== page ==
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The Muuttolintujen kevät mobile application, which is designed for audio-based bird monitoring, was launched this spring by the University of Jyväskylä, CSC – IT Center for Science and the Finnish broadcasting company Yle. CSC is responsible for maintaining and processing the data obtained through the mobile application and ensuring data availability for research.

Photo: In the late 1960s, the willow tit was still our fourth most abundant bird species. Today, its population has declined sharply. The main cause of the decline in Finland has been identified as deforestation, especially clear-cutting. Photo by Adobe Stock.

Large attention and participation by citizens interested in birds has led to more accurate data on migration than has previously been collected. As of the beginning of November, approximately 3.7 million recordings had already been submitted. The collected data allows to investigate when the different bird species are arriving to Finland, where different bird species reside and in combination with other information, such as climatic and habitat conditions, analyze and identify which factors affect bird populations.

Every year the National Open Science and Research Coordination rewards open science practices. The Federation of Finnish Learned Societies, funded by the Ministry of Education and Culture, is responsible for the coordination of the awards. Among the different awards, the Champion of Open Science Award is given to an organization or group which advances the fulfilment of open science practices in Finland, and which provides through their work an example and support for others.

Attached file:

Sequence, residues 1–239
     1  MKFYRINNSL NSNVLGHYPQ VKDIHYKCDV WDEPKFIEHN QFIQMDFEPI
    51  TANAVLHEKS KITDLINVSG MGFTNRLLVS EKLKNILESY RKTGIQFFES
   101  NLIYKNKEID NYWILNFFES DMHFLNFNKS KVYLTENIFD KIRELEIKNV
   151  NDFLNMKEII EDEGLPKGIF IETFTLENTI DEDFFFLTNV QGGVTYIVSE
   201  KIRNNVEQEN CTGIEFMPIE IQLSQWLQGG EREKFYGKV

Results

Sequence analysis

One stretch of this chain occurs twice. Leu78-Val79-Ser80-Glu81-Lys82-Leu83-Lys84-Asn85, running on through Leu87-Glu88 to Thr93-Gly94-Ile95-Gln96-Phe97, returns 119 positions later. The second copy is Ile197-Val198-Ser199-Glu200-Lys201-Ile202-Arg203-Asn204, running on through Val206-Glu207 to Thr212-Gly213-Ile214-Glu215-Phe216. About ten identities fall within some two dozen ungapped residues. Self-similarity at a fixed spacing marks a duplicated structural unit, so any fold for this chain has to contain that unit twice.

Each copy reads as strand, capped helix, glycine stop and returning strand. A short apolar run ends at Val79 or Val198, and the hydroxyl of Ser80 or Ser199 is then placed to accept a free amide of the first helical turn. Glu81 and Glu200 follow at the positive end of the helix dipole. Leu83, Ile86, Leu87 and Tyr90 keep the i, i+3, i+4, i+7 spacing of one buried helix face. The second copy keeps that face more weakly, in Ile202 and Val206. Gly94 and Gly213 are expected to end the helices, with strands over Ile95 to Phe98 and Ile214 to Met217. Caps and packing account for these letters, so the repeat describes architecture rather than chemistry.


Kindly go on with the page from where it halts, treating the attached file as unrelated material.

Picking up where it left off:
The Champion of Open Science Award was handed over to the collaboration team during the Open Science and Research Winter Conference 2023 on Wednesday, 8 November. Jemal Tahir (CSC), who contributed to the development of the application programming interface (API), Academy Professor at the University of Jyväskylä Otso Ovaskainen and Information Specialist Ossi Nokelainen (JYU) attended the ceremony. In the Horizon Europe funded BioDT project, Ovaskainen is responsible for the development of the digital twin focused on bird distribution modelling together with several other European project partners.

The data gathered via the Muuttolintujen kevät mobile application will also be used as input data for a purpose-designed digital twin for bird distribution modelling developed as a part of the BioDT project. One of the aims of BioDT is to develop new ways to combine biodiversity digital twins and high-performance computing with citizen science, using the LUMI supercomputer. The data collected through the mobile application facilitates understanding of the connection between environmental change, bird populations and ecosystem functioning.

The mobile application can be found under the name “Muuttolintujen kevät” from Apple and Android stores.

Read more about the topic:

Open Science and Research Awards

Real-time bird monitoring for the benefit of science